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Published May 1, 2002 at 4:00 a.m.

click to enlarge BLONDE AMBITION: Jolie's material girl may have only a week to live, but Stephen Herek's morality tale is DOA
  • BLONDE AMBITION: Jolie's material girl may have only a week to live, but Stephen Herek's morality tale is DOA

It could be a movie: In lower Manhattan, we see the billowing smoke and dust of the World Trade Center collapse. The camera zooms in on a young man in a gas mask hurrying north. He schleps a mound of video editing equipment along chaotic city sidewalks, intent on reaching the relative sanctuary of Greenwich Village.

The refugee in question was Mike Gordon. Not long after September 11, the Phish bass player decided to relocate the editing suite at his TriBeCa loft — only 10 blocks from Ground Zero — to the apartment of a colleague. Everything south of Canal Street was off limits to non-residents. By moving the cutting-room operation to her neighborhood, they could continue working together, without gas masks, to shape his 87-minute rockumentary, Rising Low.

“The air downtown was terrible for weeks and weeks,” explains Gordon, whose New York home escaped damage despite its proximity to the twin towers.

Rising Low chronicles historic 2001 recording sessions for a two-volume Gov’t Mule album, The Deep End, and profiles the jam band’s late bassist, Allen Woody, who died of a heart attack in August 2000 at age 44. Gordon is tweaking the footage right now, in preparation for a second public screening next month at the Newport International Film Festival in Rhode Island. It premiered in March at the South By Southwest Festival in Austin, Texas.

Funded by Gov’t Mule’s record label, ATO, the documentary reflects Gordon’s experimental approach to the medium. “I was generally trying to push whatever limits I could,” he says. “I shot in video and Super 16. I had a spy camera that could be positioned on the bass and an aura camera to capture the electrode signals from skin.”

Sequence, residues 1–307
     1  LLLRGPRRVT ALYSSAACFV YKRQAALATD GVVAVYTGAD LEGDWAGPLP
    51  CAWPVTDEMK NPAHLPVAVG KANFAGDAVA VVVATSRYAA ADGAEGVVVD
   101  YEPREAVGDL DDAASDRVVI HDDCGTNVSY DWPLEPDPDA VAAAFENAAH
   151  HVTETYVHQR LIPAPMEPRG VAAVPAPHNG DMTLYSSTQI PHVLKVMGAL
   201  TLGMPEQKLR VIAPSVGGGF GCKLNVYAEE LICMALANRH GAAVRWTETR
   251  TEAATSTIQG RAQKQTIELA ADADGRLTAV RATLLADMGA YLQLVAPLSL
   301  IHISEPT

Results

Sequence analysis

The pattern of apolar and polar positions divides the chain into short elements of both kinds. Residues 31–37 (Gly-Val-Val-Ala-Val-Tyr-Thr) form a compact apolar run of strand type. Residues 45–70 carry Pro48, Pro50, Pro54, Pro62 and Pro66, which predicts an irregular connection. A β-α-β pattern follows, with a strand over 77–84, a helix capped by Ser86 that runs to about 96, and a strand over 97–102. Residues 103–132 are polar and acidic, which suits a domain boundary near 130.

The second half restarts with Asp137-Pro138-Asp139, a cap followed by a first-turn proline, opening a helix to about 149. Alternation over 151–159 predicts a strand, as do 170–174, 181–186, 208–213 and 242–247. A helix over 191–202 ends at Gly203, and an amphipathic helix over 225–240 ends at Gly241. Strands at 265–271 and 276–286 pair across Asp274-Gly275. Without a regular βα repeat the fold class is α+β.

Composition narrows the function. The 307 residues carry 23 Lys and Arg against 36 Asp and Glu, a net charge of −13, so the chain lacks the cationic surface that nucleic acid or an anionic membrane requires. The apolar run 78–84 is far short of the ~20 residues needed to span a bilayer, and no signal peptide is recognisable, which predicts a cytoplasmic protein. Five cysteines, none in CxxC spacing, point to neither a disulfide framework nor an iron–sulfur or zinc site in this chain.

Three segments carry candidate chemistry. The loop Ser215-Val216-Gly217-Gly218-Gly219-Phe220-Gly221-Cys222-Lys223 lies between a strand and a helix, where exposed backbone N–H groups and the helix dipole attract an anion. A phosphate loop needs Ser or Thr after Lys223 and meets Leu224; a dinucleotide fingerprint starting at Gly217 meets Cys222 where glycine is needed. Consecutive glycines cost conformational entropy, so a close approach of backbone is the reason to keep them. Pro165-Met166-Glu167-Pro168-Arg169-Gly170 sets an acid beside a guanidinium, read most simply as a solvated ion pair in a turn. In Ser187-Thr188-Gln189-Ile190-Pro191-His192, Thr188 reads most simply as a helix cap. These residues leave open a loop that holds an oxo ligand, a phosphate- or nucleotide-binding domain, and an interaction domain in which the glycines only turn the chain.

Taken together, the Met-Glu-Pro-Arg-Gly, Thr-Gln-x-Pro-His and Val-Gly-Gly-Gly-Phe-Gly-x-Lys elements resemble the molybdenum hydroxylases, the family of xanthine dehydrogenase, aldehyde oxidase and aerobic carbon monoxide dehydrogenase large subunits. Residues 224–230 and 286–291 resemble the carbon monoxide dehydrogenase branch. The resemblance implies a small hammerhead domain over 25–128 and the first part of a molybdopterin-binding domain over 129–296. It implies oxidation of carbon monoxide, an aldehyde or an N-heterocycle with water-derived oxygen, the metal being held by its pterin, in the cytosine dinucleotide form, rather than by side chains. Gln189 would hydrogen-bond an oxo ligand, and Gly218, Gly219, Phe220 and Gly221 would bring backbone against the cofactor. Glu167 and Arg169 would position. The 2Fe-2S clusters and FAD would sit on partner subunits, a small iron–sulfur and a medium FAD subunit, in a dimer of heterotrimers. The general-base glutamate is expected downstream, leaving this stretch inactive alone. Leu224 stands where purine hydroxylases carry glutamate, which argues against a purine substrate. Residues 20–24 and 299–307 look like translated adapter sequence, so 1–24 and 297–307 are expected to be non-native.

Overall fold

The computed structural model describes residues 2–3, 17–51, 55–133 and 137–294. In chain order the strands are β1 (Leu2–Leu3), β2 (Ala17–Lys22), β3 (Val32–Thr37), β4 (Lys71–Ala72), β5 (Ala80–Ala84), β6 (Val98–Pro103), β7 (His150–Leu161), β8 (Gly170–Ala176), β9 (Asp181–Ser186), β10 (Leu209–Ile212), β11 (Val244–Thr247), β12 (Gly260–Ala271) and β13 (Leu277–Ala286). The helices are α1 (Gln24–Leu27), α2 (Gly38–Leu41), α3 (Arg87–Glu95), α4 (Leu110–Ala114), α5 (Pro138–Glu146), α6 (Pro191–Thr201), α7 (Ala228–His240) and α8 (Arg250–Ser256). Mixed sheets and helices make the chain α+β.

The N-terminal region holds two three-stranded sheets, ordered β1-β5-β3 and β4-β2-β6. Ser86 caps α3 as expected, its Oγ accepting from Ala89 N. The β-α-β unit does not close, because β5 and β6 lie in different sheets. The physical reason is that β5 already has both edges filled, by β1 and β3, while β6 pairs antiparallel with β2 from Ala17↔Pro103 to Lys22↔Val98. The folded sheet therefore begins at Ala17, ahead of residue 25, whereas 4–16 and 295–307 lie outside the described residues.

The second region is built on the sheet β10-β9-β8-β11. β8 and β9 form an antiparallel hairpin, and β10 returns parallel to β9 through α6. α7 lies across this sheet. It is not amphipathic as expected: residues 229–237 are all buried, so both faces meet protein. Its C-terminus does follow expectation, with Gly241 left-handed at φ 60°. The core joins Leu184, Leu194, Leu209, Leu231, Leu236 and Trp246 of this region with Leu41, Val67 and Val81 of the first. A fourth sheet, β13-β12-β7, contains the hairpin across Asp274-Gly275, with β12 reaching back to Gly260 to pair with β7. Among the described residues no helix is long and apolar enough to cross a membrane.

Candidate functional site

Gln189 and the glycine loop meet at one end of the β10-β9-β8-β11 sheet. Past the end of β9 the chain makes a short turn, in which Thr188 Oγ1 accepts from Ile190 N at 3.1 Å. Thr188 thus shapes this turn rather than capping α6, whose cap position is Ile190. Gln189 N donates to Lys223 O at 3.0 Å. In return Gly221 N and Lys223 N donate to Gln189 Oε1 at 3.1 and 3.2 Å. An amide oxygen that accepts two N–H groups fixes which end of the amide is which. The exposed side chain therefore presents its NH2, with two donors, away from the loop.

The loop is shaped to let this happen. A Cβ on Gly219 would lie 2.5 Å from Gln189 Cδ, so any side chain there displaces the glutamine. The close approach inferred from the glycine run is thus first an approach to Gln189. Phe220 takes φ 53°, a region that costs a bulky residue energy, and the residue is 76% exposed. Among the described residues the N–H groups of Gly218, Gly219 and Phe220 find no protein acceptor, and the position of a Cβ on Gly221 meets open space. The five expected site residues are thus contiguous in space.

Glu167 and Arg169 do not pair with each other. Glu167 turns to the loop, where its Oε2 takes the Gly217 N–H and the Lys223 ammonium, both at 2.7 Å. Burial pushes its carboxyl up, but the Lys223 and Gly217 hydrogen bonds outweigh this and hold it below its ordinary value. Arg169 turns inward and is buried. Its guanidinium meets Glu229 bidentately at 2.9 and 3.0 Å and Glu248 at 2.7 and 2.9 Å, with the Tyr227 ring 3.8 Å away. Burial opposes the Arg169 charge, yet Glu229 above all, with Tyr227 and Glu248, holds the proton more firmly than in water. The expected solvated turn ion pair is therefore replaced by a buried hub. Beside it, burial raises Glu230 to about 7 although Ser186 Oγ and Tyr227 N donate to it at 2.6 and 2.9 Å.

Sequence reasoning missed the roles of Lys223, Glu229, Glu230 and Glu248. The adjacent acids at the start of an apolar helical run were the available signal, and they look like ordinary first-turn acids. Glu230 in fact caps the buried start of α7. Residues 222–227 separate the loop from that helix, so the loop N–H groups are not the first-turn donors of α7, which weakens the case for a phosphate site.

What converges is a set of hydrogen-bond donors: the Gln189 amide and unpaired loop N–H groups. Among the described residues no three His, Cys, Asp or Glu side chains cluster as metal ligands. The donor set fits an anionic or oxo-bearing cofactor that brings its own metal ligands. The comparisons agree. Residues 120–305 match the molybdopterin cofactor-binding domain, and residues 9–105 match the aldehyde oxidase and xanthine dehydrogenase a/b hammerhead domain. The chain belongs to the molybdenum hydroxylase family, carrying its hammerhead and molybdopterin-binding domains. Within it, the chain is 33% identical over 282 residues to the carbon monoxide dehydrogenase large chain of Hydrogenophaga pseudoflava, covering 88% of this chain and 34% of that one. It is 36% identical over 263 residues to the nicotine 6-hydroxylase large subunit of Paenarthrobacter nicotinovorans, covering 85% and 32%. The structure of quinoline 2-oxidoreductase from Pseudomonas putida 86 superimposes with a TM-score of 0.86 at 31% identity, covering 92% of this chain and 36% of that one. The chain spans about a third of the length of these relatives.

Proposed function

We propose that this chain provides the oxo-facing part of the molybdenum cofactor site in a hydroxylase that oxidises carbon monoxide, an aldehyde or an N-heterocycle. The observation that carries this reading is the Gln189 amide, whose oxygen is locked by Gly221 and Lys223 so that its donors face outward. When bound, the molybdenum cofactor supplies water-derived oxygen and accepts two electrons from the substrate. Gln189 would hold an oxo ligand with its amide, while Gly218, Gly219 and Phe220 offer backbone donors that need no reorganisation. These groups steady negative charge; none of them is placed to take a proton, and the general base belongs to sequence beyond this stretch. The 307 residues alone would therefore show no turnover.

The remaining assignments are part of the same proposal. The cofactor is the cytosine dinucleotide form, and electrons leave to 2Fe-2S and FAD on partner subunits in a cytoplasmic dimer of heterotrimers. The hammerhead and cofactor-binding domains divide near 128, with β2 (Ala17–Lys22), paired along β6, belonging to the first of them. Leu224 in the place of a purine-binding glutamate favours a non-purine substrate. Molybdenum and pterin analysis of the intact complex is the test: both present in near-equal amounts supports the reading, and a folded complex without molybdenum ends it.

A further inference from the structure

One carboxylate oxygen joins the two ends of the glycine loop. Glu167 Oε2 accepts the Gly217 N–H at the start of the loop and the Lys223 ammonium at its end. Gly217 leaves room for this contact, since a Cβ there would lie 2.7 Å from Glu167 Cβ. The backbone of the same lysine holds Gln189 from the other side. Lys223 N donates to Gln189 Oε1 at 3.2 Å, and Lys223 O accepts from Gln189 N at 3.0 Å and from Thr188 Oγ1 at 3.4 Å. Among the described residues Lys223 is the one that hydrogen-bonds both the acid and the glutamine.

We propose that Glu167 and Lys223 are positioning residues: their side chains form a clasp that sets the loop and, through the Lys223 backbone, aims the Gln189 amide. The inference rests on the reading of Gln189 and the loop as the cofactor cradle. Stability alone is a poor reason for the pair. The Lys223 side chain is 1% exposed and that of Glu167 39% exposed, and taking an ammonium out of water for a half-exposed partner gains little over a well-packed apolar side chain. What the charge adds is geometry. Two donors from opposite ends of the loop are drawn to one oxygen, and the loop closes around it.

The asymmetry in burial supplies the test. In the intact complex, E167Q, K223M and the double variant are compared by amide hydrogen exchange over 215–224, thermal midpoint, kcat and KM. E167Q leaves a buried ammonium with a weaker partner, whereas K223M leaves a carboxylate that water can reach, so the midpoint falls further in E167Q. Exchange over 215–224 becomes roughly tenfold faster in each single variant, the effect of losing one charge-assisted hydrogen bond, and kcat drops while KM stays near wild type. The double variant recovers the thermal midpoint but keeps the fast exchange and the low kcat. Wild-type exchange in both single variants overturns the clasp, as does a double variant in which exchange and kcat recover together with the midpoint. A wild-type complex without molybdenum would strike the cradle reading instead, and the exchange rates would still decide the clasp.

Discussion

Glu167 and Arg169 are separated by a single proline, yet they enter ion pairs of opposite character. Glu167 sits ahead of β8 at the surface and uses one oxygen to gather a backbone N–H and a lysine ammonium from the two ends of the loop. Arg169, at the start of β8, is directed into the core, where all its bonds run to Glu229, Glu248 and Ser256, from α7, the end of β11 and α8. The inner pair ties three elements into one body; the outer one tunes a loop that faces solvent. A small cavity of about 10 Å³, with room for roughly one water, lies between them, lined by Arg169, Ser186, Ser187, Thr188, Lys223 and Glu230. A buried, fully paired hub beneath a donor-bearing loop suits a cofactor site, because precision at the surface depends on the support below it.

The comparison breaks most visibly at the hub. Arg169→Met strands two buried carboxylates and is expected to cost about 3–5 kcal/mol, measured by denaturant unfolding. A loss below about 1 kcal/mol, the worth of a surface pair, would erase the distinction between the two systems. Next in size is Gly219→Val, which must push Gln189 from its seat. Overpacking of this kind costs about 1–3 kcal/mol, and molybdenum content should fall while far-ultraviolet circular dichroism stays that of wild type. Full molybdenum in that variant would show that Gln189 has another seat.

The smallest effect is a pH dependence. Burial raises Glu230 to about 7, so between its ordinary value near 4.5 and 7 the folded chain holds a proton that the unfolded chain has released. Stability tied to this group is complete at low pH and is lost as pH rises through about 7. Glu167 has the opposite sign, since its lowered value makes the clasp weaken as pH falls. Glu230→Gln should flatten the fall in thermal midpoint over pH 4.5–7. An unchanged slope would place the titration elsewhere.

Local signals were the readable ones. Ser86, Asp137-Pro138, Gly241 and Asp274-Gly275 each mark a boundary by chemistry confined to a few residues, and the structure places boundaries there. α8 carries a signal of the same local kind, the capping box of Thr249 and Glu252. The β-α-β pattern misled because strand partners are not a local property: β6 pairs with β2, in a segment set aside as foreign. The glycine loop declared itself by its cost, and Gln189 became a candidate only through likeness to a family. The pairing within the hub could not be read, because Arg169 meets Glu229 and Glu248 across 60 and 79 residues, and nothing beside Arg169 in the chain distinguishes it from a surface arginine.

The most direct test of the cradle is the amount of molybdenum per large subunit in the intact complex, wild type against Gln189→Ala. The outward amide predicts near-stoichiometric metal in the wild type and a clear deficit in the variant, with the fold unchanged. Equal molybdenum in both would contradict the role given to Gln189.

He was capturing some rather legendary auras. Gov’t Mule invited guest musicians such as Phil Lesh, Gregg Allman, Jack Bruce, Flea, John Entwistle and Bootsy Collins to play on the album as a tribute to Woody. Paul McCartney wanted to attend, but “just couldn’t fit it into his schedule,” Gordon recalls.

Some 22 bass players performed at various points during sessions held near San Francisco, in Los Angeles and in New York over a period of several months. Gordon was one of them. He and also co-authored a song, “On the Banks of the Deep End,” that inspired the CD’s title.

Woody and guitarist Warren Haynes, both veterans of The Allman Brothers Band, launched Gov’t Mule in the mid-1990s with drummer Matt Abts. “They didn’t know what to do after Allen’s death. When you lose one third of a trio, it’s pretty difficult to go on,” says Gordon, adding that he conducted a number of interviews for the film. “I talked to his father, widow and daughter. And I had a lot of archival material: Woody family home movies, the band on the road.”

Few documentaries ever open in theaters, so the festival screenings of Rising Low are geared to promote the VHS and DVD versions that will be released in the fall. Meanwhile, Gordon does not necessarily see himself returning to that genre. “I’d like to make another dramatic film at some point,” he says, referring to his freewheeling 2000 feature debut, a mock infomercial called Outside Out... “This time, though, I want to write a script first.”

His neglected music career is also tugging at him. Gordon is studying “1950s-style” bluegrass banjo and collaborating with guitarist Leo Kottke. “We’re writing songs and recording together. But I’m still working on the soundtrack CD for Outside Out... That’s the trouble with being a Gemini,” suggests Gordon, who turns 37 in early June. “I always have 10 interests I’m trying to prioritize.”

SHORT TAKES: Vermont screenwriter John Fusco, whose Revolutionary War-themed Rebels is scheduled to start shooting this summer, reports that Jim Caviezel has been signed for the lead role. “At six-foot-three, he has the stature to capture Ethan Allen,” Fusco says of the Count of Monte Cristo actor currently featured in High Crimes. “He is also a master swordsman and accomplished equestrian.” In addition, Fusco does a bit of setting-it-straight about a Burlington Free Press article that erroneously reported the movie will not be shot in Vermont. “That is not true,” he points out, acknowledging that Slovakia will be the backdrop for a significant portion of Rebels. The current exchange rate — nearly 47 Koruna to the U.S. dollar — is an economic enticement.

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Susan Green


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